Platform Performance and My Performance

When I joined Steemit there were approximately 40,000 accounts. Now, in early September, there are ~80,000. Here’s a stats breakdown (thanks steemd.com):

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Out of this, there are 4,500 daily active users. There are many inactive accounts for various reasons which I will not get into here.

My early days were unbearably frustrating. I would write long posts, often spending hours at end working on a post, and would see nothing in rewards:

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However, writing everyday for the last ~40 days (since I joined), and adapting my approach almost regularly, I started seeing some traction. Afterall, it’s a game of statistics. Chances to hit the spot increase with the number of tries you make. Stepping over my ego and my frustration was probably one the hardest things I did in my life:

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Those rewards got me extremely hooked and even more motivated, as you might imagine. Game theory at play! I am very pleased to write more on the topics that I modestly touch here: programming, psychology and neuroscience. I also write about research and health related stuff, but to a lesser extent.


Additional Thoughts

There is way too much that I can say about Steemit. I have a ‘rush’ of ideas that I cannot transpose into words. Being on the platform and posting everyday for the last ~40 days gave me a decent experience of how things are going there.

I could keep on writing and providing detailed explanations about the reward system, about followers, about whales, about the best time to post to maximize your payouts, about spam and plagiarism, about rewards from curating and commenting, about SP as long term investment, about the open-source code, about transparency, about blockchain technology and about many other topics that I dealt with. But this post would grow into a book. And it’s not my point for now.

Plus, since the platform is still in its infancy, changes and improvements occur on a daily basis.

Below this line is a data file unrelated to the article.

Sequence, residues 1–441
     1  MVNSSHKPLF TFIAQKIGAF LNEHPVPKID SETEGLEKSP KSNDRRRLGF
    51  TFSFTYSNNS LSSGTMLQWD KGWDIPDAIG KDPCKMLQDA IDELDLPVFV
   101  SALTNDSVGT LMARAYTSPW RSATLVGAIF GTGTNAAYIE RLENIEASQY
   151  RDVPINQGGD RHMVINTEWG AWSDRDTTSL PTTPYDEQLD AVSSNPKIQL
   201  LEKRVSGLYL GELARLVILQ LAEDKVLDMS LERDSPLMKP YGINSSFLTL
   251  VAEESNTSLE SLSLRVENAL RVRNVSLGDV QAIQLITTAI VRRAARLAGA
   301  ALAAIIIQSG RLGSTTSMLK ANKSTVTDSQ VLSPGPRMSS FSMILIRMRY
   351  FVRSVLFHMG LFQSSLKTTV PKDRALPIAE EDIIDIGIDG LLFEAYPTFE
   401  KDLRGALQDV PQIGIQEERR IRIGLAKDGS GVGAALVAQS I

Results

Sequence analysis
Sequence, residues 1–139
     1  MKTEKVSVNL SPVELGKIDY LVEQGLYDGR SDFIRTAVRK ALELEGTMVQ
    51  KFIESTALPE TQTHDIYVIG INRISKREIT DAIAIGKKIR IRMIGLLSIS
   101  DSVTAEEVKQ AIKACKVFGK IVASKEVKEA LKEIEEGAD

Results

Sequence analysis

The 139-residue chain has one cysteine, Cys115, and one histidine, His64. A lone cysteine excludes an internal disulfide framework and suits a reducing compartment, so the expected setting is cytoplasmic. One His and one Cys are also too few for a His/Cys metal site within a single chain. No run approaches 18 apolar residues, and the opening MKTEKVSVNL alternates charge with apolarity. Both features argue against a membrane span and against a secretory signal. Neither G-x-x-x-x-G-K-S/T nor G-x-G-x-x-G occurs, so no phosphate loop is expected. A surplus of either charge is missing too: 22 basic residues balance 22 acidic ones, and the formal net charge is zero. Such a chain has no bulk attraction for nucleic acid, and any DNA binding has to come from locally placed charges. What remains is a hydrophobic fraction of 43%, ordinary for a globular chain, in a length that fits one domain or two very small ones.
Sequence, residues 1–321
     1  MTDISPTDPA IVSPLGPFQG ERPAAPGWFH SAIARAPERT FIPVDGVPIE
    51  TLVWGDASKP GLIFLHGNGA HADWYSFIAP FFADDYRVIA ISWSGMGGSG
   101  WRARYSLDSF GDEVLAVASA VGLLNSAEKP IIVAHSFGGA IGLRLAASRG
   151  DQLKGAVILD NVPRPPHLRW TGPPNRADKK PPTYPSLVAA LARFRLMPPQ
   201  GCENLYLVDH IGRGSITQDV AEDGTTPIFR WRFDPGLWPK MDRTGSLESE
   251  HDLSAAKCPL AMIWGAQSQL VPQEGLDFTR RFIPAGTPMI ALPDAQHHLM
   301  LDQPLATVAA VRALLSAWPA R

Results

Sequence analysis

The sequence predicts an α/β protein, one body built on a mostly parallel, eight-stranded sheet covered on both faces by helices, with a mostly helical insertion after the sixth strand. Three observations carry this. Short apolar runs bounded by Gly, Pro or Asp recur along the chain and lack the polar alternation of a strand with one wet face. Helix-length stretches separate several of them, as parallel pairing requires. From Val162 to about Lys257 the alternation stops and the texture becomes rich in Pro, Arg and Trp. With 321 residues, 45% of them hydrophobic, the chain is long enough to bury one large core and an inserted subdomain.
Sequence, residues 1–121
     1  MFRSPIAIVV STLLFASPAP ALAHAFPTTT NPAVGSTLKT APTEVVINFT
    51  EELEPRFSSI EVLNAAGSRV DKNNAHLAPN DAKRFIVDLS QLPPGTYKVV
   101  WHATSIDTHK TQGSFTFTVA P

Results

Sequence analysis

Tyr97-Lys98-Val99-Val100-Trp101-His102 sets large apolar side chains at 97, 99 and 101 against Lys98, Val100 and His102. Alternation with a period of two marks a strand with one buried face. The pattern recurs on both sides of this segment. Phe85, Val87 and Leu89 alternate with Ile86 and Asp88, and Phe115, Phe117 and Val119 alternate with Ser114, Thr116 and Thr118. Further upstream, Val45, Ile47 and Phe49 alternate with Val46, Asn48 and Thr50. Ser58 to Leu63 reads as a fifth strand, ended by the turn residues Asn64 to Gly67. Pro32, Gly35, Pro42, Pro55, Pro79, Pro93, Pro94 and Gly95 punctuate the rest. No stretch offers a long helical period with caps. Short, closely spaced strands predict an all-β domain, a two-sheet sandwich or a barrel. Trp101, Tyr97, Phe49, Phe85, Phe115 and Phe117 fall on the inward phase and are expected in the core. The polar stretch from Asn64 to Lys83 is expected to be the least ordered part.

That is why I only wanted to give you a brief intro of the most necessary things you need to know. To get a fuller understanding, read the white paper. Heck, fuggedaboutit…join Steemit and experience it firsthand.


Conclusion

I think steemit can be extremely addictive as it combines: immediate monetary gratification (+ SP for the long term) and instant interaction with other users. It’s an upgraded version of a social platform.

Facebook and Twitter do not reward me for my posts. On Steemit I write about the things I am mostly interested and I interact with people who vote and pay me for my contribution.

Since this is open-source blockchain technology, anyone can contribute to the development of Steemit. Its code is available on github. Plus, it makes it easier for developers to analyze what’s happening under the hood and write relevant and insightful code for that matter.

I happen to analyze Steemit on a weekly basis with Python. I parse all the operations that took place on the platform and try to gather insightful impressions. One programming-exercise that I do weekly is to analyze the most voted authors by whales. Here’s my last one.

I’ve done that in ~60 lines of code, which you can find here.

Numerous developers have created tools and services for Steemit. It’s easier since its open source. Some of these users/developers have been rewarded with thousands of SD for their contribution. Yes, thousands in less than 24 hours! Call that instant gratification!

Here are some tools and sites worth mentioning:

Steem Tools – collection of tools for steemit
Steem Whales – Rank of user accounts based on SP, SD, followers, account value, etc.
Catch a Whale – The best time to post to increase your chances to be hit by a whale.
Steem.li
– and dozens of others.

It would be rational to think that being able to do three things I enjoy gets me hooked:

– programming + writing about it + being rewarded for both

As someone said, Steemit is social media on steroids. While to some it may have negative connotations, I think it’s a proof of concept that will most likely disrupt conventional social media and the publishing industry.

I made a lot of virtual new friends on steemit, some of them from Romania. We interact on the chat platform of steemit as well as by voting and commenting on each others content. We follow each other.

Even though Steemit’s growth may be slow (few understand how blockchain and cryptocurrencies work) and even though there are still numerous problems that we have to deal on a daily basis, I am confident that together (we, the users) will do most of what is in our power to improve it one step at a time:

– by being on the lookout for spam and plagiarism,
– by posting good content,
– by contributing to the sourcecode,
– by developing tools for steemit, and
– by rewarding each other for our actions.

It’s open source, decentralized, highly-secured, and transparent (see my wallet and all my activity). It looks promising. And I invite you to join it. I’ll follow you 🙂